Sodium Dodecyl Sulfate (SDS), ≥99 %, Blotting Grade Carl Roth GmbH & Co KG 2326.1 Used for the preparation of the cleaning solution
Sodium Hydroxide (NaOH) Pellets, ≥98 %, p.a Carl Roth GmbH & Co KG 6771.1 Used for the preparation of the cleaning solution
Software Package for Control and Data Acquisition Postnova Analytics GmbH NovaFFF AF2000 Software Software for performing Af4 runs and data aquisition, for necessary hardware and software requirements the reader is referred to the Postnova AF2000 manual
Software Package for Data Evaluation Postnova Analytics GmbH NovaAnalysis Software Software for AF4 data evaluation, for necessary hardware and software requirements the reader is referred to the Postnova NovaAnalysis manual
Software Package for final Data Processing OriginLab Corporation Origin 2019 Used for final data processing
Solvent Degasser Postnova Analytics GmbH PN7520 Component of the AF2000 MF - MultiFlow FFF setup, which is described as AF4-system in the manuscript
Solvent Selector Postnova Analytics GmbH PN7310 Component of the AF2000 MF - MultiFlow FFF setup, which is described as AF4-system in the manuscript
Solvent Organizer Postnova Analytics GmbH PN7140 Component of the AF2000 MF - MultiFlow FFF setup, which is described as AF4-system in the manuscript
Surfactant Mixture Postnova Analytics GmbH NovaChem100 Mixture of different surfactants and salts used for eluent preparation
Tip Pump Postnova Analytics GmbH PN1130 Component of the AF2000 MF - MultiFlow FFF setup, which is described as AF4-system in the manuscript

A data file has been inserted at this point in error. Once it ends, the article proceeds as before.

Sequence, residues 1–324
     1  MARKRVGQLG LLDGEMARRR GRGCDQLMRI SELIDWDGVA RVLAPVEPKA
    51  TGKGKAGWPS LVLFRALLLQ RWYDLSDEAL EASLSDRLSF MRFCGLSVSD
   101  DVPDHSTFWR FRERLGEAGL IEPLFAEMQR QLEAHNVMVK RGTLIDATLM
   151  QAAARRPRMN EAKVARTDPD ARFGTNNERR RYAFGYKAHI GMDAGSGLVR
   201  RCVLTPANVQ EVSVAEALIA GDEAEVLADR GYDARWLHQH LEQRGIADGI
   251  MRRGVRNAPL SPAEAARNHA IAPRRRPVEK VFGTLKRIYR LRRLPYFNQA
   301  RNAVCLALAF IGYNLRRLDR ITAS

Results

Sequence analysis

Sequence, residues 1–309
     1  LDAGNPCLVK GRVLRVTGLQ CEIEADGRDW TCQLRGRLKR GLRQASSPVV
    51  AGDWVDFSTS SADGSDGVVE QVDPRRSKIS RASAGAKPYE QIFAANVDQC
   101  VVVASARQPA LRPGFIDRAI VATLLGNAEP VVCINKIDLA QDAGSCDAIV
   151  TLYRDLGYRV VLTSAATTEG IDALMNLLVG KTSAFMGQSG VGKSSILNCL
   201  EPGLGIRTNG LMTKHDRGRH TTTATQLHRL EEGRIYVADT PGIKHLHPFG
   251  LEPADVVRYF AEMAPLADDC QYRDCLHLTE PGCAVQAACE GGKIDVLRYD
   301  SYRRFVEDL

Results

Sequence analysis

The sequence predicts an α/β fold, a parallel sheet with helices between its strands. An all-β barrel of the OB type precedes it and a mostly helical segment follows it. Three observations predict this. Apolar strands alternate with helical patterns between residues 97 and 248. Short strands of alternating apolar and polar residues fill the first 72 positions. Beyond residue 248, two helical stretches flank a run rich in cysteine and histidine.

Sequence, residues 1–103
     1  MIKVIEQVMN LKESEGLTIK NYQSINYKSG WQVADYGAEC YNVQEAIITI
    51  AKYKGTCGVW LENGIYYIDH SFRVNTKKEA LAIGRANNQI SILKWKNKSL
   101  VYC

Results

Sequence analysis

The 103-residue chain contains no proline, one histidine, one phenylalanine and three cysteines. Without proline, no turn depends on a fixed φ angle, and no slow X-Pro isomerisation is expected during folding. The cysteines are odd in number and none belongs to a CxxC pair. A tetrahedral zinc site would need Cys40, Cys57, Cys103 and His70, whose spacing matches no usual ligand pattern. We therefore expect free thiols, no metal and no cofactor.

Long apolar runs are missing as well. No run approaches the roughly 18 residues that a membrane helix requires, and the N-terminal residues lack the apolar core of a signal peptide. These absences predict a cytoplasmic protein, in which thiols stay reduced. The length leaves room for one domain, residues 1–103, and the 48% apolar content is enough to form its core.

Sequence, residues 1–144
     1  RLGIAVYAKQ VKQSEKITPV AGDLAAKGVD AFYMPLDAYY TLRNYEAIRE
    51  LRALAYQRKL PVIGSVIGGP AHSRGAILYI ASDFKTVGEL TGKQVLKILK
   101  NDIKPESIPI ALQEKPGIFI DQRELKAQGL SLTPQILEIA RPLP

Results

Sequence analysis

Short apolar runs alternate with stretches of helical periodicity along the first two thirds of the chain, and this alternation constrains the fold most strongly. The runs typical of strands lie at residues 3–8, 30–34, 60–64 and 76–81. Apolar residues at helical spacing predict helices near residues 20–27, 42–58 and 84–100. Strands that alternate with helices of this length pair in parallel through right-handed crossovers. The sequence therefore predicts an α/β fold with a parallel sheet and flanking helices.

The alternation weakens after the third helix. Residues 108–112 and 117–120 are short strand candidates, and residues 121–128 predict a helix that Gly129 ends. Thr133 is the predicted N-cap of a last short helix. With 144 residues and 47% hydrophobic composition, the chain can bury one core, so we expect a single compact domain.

Unknown AuNP sample BBI Solutions EM.GC60 60 nm AuNP sample used for size determination via size calibration function
UV-vis Detector Postnova Analytics GmbH PN3211 UV-vis detector For downstream coupling with the AF4 system
Vacuum Filtration Unit Postnova Analytics GmbH Eluent Filtration System Used to ensure low particle backgrounds and removal of dissolved air in the used eluents to ensure optimum AF4 fractionation conditions
Vortex IKA Vortex Genie 2 Used for homogenization of diluted AuNP suspensions
Water Purification System Merck Millipore Milli-Q Integral 5 Used to generate ultrapure water (UPW, 18.2 MΩcm resistivity) for preparation of cleaning solution, eluents and dilution of AuNP suspensions

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Cite this Article

Drexel, R., Sogne, V., Dinkel, M., Meier, F., Klein, T. Asymmetrical Flow Field-Flow Fractionation for Sizing of Gold Nanoparticles in Suspension. J. Vis. Exp. (163), e61757, doi:10.3791/61757 (2020).More

Drexel, R., Sogne, V., Dinkel, M., Meier, F., Klein, T. Asymmetrical Flow Field-Flow Fractionation for Sizing of Gold Nanoparticles in Suspension. J. Vis. Exp. (163), e61757, doi:10.3791/61757 (2020).